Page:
Sometimes you just have to sit back and admire the magical artistry of the performers on stage. Whether in unison or exquisitely timed solos, the talents of the three members of Hot Club of Cowtown radiated from the stage at Bromsgrove’s Artrix Arts Theatre thrilling, exhilarating and beguiling an audience in awe of such ability to interpret a timeless sound. With two definitive styles to match their ideals and passion, the trio of Elana James, Whit Smith and Jake Erwin expertly worked the original and interpretative songbook of western swing and European gypsy jazz. While there may be occasional blurs in the styles, Hot Club of Cowtown float effortlessly between the dance halls of Austin and the smoky cafes of Paris.
Without dismissing the concept of the sum of the whole being better than the parts, the lasting impression of a Hot Club gig is the incredible musicianship frequently displayed on a solo platform. Jake Erwin gave the most high-energised performance on upright bass seen for a long time, played with impeccable timing and tuneful rigour. Elana James took the fiddle to places rarely seen in a non-virtuoso setting and peaked with an extraordinary pre-encore instrumental finale raising the stakes of the evening to crescendo proportions. Whether Whit Smith was playing his trademark 1928 Gibson L-5 or not, the sound from his guitar of choice oozed with classic twang and picking that probably tripled the old adage of ‘three chords’, whether in rhythm or solo.
From a pair of sets just falling short of two hours in total, the chat was minimal and the songs flowed freely to form a set list exceeding thirty numbers spanning the continents. The first half probably had a more western theme to it with the three standout tracks being ‘Big Balls in Cowtown’, ‘Oklahoma Hills’ and ‘Deed I Do’, the latter being reminded of a previous Jools Holland performance. ‘Slow Boat to China’ gave the audience a hint of the European jazz sound the band explored on their most recent release RENDEZVOUS IN RHYTHM. After the break ‘Avalon’, ‘I’m in the Mood For Love’ ,‘The Continental’ and a French tune believed to be ‘Tchavolo Swing’ further reflected this slight change in approach. A number to probably stand alone more in the second half was a version of ‘Long Way Home’ by Tom Waits which saw the band at their most laid back, albeit for a brief moment.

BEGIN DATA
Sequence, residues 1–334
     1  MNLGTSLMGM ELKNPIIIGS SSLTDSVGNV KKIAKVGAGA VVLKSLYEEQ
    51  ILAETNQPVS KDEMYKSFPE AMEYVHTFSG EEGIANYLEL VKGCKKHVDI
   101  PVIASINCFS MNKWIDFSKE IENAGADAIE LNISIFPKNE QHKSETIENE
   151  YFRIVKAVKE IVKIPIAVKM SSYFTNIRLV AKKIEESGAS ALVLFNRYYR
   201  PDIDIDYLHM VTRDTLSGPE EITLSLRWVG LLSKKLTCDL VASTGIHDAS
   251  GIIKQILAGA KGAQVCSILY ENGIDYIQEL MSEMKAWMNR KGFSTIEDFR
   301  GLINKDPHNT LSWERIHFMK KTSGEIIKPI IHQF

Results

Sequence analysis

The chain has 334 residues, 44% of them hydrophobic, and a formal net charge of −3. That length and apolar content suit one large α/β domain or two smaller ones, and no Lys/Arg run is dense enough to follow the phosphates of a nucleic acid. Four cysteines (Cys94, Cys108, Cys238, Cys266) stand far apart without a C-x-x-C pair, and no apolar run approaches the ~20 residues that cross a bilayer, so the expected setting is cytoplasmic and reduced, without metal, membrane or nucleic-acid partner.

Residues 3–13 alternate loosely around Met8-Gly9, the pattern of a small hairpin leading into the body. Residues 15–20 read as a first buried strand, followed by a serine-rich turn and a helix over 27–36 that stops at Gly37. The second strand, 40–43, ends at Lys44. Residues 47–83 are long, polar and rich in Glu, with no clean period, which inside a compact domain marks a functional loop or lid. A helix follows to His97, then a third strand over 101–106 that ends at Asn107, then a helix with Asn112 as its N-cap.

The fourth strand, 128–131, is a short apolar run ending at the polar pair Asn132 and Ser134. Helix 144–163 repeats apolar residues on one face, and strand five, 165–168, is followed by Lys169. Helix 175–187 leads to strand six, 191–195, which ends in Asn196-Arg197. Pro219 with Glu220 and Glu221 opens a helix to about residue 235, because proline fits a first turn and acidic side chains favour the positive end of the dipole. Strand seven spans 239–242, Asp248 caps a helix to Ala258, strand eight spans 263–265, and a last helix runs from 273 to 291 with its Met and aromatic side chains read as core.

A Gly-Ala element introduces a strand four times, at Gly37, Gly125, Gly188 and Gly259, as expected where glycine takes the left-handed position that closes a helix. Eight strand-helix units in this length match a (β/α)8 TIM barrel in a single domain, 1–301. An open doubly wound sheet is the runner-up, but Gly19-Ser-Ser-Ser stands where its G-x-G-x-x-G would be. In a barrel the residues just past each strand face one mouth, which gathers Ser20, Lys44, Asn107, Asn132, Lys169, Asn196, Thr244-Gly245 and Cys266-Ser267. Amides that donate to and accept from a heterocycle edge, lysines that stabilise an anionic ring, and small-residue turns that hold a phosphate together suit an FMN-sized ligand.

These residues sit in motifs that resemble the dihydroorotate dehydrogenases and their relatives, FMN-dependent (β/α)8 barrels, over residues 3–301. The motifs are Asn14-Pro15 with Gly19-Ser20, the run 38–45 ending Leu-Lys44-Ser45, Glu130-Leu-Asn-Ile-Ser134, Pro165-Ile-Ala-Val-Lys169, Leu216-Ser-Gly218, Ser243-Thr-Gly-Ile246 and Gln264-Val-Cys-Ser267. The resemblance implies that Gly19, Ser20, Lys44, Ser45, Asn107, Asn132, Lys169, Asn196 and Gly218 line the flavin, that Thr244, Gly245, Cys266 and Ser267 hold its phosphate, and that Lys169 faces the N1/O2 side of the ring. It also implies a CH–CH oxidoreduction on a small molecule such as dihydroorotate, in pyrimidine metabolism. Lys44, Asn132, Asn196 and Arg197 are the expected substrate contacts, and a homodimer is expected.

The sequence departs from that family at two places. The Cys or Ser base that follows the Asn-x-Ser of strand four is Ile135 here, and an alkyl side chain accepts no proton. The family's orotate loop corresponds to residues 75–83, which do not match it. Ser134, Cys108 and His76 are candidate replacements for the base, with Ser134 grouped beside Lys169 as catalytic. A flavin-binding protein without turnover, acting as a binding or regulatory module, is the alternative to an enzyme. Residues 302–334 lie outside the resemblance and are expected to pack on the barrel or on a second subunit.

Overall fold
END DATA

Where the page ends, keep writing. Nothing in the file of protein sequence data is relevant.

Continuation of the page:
The vocals are slightly tilted towards Elana who co-founded the band with Whit in New York City back in the 1990’s. Whit also contributes solo vocal pieces such as on ‘My Window Faces South’ and is obviously an integral part of the three part harmonies when Jake breaks off from his frantic bass slapping to participate. All three brought the evening to an exciting close with a dual encore combination of the fantastic and poignant ‘Reunion’ followed by the ever fetching ‘Get Along Home Cindy’.
There may be solo projects by Elana and Whit in motion but surely on the evidence of this evening’s performance the three piece band can continue to entertain and excite audiences around the world. Whether satisfying their own passion for the European jazz sound or flying the traditional flag for the core country music sub-genre of western swing, Hot Club of Cowtown remain important, influential and highly credible players on today’s music scene.